If you would like to align your team around a vision for a $1 billion initiative or something smaller in scope for 2013, get our free report at www.teamalignmentstrategies.com

Here’s the full article in the Sunday business section of the  New York Times: http://nyti.ms/YOI6CF  It’s worth a read.

Get the Right People in the Right Roles Can be Messy!

How do we get the right people in the right roles?

In addition to gaining a full understanding of people’s strengths, we need to have clarity about each other’s vulnerabilities.  I believe our vulnerabilities, or growth opportunities, fall into several categories:

* Risks when we simply get the volume turned up too high on our strengths

* Unmet needs that can unconsciously drive us to make poor choices and decisions that have negative consequences, and of course,

* our egos.

How do we then get the right people in the right roles doing the right work using the right strengths and managing their growth opportunities or vulnerabilities?

First, you need to know the strengths of your people.  We use a proprietary tool developed by Lynn Taylor of Taylor Protocols to identify strengths and vulnerabilities of individuals.  This affirming profile helps people see themselves in a new light.  More importantly, it helps the rest of the team and their manager have a much more realistic perspective on the individual.

Thomas Leonard, founder of Coach U and one of the founders of the profession of coaching, articulated that we all have needs.  When these needs are left to fester they can become significant obstacles to effectiveness.  For almost 20-years I had a need to ‘get credit’.  That need drove me to be irrational at times. I would volunteer for every difficult assignment.  I would raise my hand to serve on every task force or committee.  When I started my training at Coach U and saw this need, my life and career transformed.  With awareness  and self-management, I was no longer ‘driven’ to get that need met.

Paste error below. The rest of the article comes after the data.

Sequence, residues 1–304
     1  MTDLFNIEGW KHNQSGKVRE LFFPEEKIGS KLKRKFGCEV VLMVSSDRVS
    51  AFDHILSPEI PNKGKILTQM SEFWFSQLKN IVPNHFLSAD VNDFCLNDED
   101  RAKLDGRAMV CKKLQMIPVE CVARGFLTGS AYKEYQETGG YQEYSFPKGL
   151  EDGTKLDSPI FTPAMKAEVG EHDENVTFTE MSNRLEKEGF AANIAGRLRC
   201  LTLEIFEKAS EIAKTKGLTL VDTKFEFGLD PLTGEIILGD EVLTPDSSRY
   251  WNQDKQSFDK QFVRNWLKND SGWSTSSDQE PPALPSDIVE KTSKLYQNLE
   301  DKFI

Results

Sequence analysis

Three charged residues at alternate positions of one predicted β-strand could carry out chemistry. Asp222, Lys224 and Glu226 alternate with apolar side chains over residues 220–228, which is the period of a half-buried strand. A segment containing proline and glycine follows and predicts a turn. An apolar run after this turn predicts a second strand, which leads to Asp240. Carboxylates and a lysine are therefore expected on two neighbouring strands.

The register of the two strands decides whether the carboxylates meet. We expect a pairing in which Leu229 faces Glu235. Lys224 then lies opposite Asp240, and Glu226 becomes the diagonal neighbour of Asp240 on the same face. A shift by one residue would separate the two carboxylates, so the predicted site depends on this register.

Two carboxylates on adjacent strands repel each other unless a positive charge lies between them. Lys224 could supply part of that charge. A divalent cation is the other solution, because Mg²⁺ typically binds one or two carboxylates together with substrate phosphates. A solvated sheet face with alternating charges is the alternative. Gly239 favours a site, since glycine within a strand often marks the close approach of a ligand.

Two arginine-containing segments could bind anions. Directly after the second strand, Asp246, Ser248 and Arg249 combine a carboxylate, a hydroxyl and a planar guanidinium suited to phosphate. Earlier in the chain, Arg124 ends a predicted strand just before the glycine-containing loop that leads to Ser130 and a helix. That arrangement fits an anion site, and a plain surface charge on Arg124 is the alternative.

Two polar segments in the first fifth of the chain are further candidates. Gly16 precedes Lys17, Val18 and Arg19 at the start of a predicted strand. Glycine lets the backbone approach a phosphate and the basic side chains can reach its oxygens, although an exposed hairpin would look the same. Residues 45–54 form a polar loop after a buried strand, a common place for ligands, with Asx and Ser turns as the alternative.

What’s your unmet need?  Do you have a need to be the smartest person in the room? Do you have the need to be liked? Do you have the need to be validated? Do you have the need for external recognition?  Do you have the need to be heard? Do you have the need to be part of ‘the team’?

Every human being has these needs.  The question is are they driving us in an invisible and unproductive way?

Can we gain this awareness about ourselves or will we remain driven by these underlying growth opportunities?  Can we then self-manage in a way that gets these needs met or at least keeps them in check?

Once you know who you are dealing with you on your team and the various aspects of each team member, it’s easy to ensure their roles play to their strengths.

The next step is to ensure that everyone demonstrates both the personal and professional maturity to develop themselves, self-manage and embrace these growth opportunities.

For our free report, Make More Money While Working Less click here: teamalignmentstrategies.com

 

Vision vs Execution

As Thomas Edison said, “Vision without Execution is Hallucination”.  In today’s world with our addictions to activity, we now know that Execution without Vision is CHAOS!  In some organizations, it can be total chaos.

Without a Shared Vision, everyone on the team develops their own.  Unfortunately, they don’t stop there.  People take action often based, not on the Facts but on the stories they make up about the facts.

Without a shared, clear, concise vision, chaos reigns.

How do you develop such a vision?  Only by including all the stakeholders in a thoughtful multi-step process.  So many any leaders lack the discipline to adopt such a process.  They believe, incorrectly, they will be more effective being in action.

What has to happen for us all to be willing to invest in the process if developing this Shared Vision with our stake holders?  What would be the benefits?  What is the personal and corporate cost of the chaotic approach?